In the course of 40 minutes I saw every hunting celebrity I can name: Remi Warren bumped into my elbow and spilled my beer, Steve Rinella is shorter than you think, Janis Putellis taller, Joe Rogan and Cam Hanes and Eric Chesser way shorter (which is saying something). This was all at SHOT, the First Lite booth, who reportedly payed $700 per keg from the official Sands caterer, whose representative got cranky and produced his work order when security tried to boot us before the agreed upon end time of 6:15pm. Actually, I saw Julie McQueen at the Browning booth that morning, and she was both taller and thinner than I would have expected based on the 1.3 episodes of Brotherhood Outdoors I forced myself to watch last summer in the name of “research.” My list was completed after 615 came and our herd moved reluctantly towards the exit, past dark booths roped close with caution tape, every pistol assiduously secured with what had to have been miles of cable locks, and I found myself hemmed in and chatting with the Joe, the managing director of ZeroPointZero, and Randy Newberg, while Gritty Bowmen and the Mtn Ops crew walked past. My list complete it was time to refind bosses and eventually the elevators upstairs to the state of the industry dinner.
Vegas casino buildings are large enough to hide almost anything you could imagine, in this case a 20 foot tall banquet hall which stretched though row after row of identically crenulated ceiling decoration far enough that I had to stand on my chair to see the edges. We were late enough that our neighbors had almost ate our salads for us, which would have been sad, as the abstractly placed lettuce, cheese shards, and small gelatin thing was quite tasty. Our neighbors were pleasant enough, 5-7 people from two separate Alabama gun part makers. We tried to talk to them about tipi tents and silnylon and backpacking.
One speech followed the other, marking perhaps the first time I’ve seen a teleprompter in person. The food was good, the plates small, the wine bosses had paid for in advance abundant. Soon enough it was keynote time.
I had been briefed that this was why we were here, Mike Rowe, host of Dirty Jobs was giving this keynote address. In planning for the occasion I had given this choice as little thought as I had the show that made him famous, which I had seen once, years ago. Walking on stage he seemed to look the part, handsome but not coifed, muscular but not sleek in jeans, large brown belt, and a SEALS family foundation t-shirt, holding as a prop a Sierra Nevada Pale Ale bottle from which he only sipped thrice in 45 minutes.
In isolation his speech would have been innocuous. He artfully rambled enough to be folksy, but not enough to be off message. He segued from the many failed efforts out of which his show grew to his early days offending a fighting the executive producer, to an extended account of the episode they did about artificially inseminating cattle, and the resulting censorship, to an episode in which he Mike got out of a tub wearing only a towel, whose length was not sufficient to conceal his genitals. I don’t recall the transition from collecting cattle sperm to Mike requesting that his editors add pixelation to enhance the absence of his manhood on television. I did snap back to full attention then, because a seeming gratuitous and explicitly self-aggrandizing, not at all short discussion of Mike Rowe’s penis in front of an indoor audience of thousands seemed entirely appropriate, given the context.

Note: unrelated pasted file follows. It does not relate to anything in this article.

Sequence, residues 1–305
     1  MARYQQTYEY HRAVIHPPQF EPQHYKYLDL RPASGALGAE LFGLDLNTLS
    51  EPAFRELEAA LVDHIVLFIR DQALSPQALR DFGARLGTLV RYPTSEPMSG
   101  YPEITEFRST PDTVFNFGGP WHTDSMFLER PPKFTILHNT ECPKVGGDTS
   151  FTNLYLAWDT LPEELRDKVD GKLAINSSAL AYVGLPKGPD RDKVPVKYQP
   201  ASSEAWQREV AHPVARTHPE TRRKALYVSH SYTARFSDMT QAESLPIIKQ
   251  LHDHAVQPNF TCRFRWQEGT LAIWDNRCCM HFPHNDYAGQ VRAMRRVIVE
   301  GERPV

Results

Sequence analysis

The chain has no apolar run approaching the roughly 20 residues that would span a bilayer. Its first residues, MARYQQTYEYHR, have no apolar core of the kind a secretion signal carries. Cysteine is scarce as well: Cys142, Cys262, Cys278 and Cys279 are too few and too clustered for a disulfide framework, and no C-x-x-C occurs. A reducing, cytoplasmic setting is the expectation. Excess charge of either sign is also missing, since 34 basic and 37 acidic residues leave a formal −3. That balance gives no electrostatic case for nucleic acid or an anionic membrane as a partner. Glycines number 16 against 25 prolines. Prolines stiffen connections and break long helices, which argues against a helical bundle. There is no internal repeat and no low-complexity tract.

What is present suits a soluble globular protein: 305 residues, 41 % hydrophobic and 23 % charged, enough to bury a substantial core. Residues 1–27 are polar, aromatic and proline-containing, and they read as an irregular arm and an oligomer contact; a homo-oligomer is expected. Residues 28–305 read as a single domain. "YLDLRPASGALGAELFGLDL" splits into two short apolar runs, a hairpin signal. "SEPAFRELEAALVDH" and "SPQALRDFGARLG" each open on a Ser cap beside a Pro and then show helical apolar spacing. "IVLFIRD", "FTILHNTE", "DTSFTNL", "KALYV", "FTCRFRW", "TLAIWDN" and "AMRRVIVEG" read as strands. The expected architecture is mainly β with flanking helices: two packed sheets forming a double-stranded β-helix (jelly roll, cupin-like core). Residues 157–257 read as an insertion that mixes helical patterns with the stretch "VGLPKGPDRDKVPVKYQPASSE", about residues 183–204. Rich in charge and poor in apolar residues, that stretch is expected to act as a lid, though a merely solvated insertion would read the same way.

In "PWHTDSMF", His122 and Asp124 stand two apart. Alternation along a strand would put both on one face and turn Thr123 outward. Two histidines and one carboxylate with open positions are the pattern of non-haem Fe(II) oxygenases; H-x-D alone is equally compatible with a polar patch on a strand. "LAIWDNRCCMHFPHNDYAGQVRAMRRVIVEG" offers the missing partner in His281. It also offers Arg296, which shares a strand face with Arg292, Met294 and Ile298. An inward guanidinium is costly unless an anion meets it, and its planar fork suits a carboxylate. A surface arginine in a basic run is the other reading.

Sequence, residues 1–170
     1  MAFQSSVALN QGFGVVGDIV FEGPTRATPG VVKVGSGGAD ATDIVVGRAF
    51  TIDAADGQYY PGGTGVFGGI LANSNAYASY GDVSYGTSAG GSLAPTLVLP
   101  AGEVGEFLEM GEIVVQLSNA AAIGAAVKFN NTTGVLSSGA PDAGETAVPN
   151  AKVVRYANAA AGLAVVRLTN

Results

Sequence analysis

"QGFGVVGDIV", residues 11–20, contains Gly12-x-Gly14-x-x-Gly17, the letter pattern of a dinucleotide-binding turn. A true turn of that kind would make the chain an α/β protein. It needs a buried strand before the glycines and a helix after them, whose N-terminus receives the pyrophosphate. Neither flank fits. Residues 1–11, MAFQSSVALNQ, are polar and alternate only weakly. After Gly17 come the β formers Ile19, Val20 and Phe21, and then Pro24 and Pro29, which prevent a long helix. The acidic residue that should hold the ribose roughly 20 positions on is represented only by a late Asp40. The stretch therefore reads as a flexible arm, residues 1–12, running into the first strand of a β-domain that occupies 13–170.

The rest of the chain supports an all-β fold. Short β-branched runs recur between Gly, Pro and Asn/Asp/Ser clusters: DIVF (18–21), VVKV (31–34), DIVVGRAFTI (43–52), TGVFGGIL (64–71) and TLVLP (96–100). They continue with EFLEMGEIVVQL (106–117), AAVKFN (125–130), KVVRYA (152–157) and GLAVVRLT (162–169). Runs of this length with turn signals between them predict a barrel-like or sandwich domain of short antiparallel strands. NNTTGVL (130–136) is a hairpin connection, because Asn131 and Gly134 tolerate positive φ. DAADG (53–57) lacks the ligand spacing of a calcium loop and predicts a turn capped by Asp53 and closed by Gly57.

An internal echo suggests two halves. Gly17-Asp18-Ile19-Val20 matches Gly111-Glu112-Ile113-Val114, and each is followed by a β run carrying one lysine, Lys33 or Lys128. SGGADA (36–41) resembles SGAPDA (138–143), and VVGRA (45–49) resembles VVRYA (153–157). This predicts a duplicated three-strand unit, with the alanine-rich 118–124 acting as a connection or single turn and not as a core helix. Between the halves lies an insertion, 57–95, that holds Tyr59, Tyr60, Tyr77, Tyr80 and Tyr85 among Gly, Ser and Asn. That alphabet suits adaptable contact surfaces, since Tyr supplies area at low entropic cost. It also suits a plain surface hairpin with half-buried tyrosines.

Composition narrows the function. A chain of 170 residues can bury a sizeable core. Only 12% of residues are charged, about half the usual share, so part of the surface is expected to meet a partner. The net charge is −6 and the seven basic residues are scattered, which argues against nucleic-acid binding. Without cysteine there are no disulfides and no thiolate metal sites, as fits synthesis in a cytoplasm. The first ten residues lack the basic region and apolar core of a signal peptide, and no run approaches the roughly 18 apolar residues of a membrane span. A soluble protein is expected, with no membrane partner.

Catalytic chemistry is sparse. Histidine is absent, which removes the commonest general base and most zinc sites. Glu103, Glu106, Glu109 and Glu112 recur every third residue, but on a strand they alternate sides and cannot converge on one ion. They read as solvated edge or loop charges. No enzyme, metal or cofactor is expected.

Guns are phallic symbols for more reasons than just the shape. In 21st century America they’ve become a proxy for lost power, a metaphor for days of simpler justice that surely never were. The threads had come together all day; the magazine editor who remarked offhand how President Obama had done so much to choke off the supply of ammunition, the National Shooting Sports Foundation president whose “we won” proclamation was a specific reference to November 8, the endless iconography of military-industrial machismo. This is not to say that Diane Feinstein’s gun legislation tells about anything other than a troubling lack of familiarity with the relevant material, but it is to say that the energy which suffused the show was 60% elegy, 40% throwing rocks at passing cars.
Mike Rowe capped this off nicely. He’s a regular guy, as he shared in analogue with us. He has a big dick, but he wouldn’t mind if everyone else thought it was bigger. He’s demonized by east coast (Maryland) authority figures, who as he told it are early-middle aged women more put together than domestic decency would allow. He was snide about the EPA, bringing the agency up for absolutely no reason. At the end of the speech we left quickly, and as we did I knew two things, it all made sense somehow, and I really needed more food before I went to bed.
Estimates vary, but at most 12% of US citizens buy a hunting license, and it is probably far less. 42% of the 320 million people who were US citizens in 2014 owned a gun. SHOT knows which numbers are on it’s side. Walking around Outdoor Retailer the week before, it everything but the leisure shirts and muck boots was of at least marginal interest. At SHOT the majority of booths seemed to be in a different world, little if at all concerned with going outside, or maybe only insofar as recoil and down-range distance demanded. Firearms ownership is not necessarily problematic. The viability of shooting sports themselves not under siege. But insofar as these pursuits, passions and inclinations are tying themselves, however under the table, to cultural institutions which are dying a timely if violent death, their continuance is very much in doubt a generation down the road.